I started playing Magic in 1994. From those days of poring over printed price guides assembled weeks earlier, to having practically up to the minute prices at our fingertips digitally today, Magic finance has evolved considerably in the past twenty-seven years. Regardless of the decade, some Magic finance lessons are timeless and many of us learned them the hard way over the years. Here’s a countdown of five of the worst MTG finance mistakes I’ve made over the years, what I learned from them, and best practices on how you can avoid them.
Mistake 5 (2000): Trading My Guru Lands For Standard Cards
From July 1999 to February 2001, Wizards of the Coast ran The Guru Program, a program to encourage existing Magic players to teach new players the game. Each "Guru" received a teaching kit including sample decks and earned points towards rewards for each person they taught to play. For every ten points a Guru accumulated, they were awarded a booster pack of the current set, and a unique-to-the-program Guru basic land, chosen at random.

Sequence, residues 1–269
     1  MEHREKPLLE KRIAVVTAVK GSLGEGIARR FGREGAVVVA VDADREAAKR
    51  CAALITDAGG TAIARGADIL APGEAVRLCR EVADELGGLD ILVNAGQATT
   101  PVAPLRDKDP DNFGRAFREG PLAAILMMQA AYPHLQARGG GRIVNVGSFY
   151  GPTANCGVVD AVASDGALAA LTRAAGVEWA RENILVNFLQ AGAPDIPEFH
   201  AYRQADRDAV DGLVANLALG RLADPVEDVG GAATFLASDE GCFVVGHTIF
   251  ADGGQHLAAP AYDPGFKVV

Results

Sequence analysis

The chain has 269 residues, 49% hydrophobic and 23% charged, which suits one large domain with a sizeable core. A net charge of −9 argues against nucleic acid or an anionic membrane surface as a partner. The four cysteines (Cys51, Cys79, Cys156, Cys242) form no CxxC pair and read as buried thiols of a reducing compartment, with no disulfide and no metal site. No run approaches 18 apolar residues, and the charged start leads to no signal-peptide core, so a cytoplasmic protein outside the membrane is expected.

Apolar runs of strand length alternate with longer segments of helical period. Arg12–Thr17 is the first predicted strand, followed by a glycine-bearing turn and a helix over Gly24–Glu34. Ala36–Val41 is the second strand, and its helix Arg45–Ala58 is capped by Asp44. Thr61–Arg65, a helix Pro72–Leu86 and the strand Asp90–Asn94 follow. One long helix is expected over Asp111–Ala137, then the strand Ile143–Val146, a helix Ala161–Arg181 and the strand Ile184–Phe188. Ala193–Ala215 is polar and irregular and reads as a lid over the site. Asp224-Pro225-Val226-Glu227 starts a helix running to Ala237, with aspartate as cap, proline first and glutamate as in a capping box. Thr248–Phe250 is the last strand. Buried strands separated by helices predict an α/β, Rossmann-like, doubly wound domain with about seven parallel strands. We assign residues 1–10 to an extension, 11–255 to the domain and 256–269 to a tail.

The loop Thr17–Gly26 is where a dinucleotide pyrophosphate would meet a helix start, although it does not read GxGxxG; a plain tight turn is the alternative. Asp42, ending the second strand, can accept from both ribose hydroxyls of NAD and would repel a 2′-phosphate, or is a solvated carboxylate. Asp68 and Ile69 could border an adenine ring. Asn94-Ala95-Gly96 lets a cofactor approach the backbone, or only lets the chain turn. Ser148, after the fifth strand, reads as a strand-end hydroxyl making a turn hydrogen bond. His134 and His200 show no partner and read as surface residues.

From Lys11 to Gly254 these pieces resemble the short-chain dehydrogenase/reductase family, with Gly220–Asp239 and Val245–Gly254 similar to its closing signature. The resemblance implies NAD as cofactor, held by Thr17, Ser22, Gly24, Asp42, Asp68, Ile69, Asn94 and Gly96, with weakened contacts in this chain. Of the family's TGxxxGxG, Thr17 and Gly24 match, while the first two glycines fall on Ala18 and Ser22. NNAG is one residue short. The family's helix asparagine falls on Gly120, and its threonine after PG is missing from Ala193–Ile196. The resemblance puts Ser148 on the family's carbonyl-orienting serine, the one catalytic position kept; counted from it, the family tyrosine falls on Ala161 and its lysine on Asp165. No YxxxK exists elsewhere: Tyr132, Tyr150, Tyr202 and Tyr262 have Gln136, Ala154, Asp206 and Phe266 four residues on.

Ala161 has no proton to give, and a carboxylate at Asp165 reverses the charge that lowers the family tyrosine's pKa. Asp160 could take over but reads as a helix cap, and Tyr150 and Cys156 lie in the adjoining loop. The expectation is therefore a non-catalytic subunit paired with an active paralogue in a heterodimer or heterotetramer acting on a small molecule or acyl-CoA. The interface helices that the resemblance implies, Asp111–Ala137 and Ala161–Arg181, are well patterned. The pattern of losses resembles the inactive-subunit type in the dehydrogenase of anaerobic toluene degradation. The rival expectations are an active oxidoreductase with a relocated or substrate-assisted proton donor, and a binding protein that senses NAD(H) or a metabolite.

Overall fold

I participated in the program for the early part of its duration and received my set of Guru basics in mid-2000. At the time, I was hot on building a new blue/red mana denial deck in Standard using Parallax Tide, and Tangle Wire and was actively trading for those and other rares to complete the deck.
At the time, I kept most of my Standard-playable cards together in one binder, and it was in this binder that I slipped my Guru lands. When I found a guy who had all the cards I needed for my deck, I was trading out of this same binder. He immediately spotted my Guru lands and offered me most of the rares I was looking for in exchange for the five of them.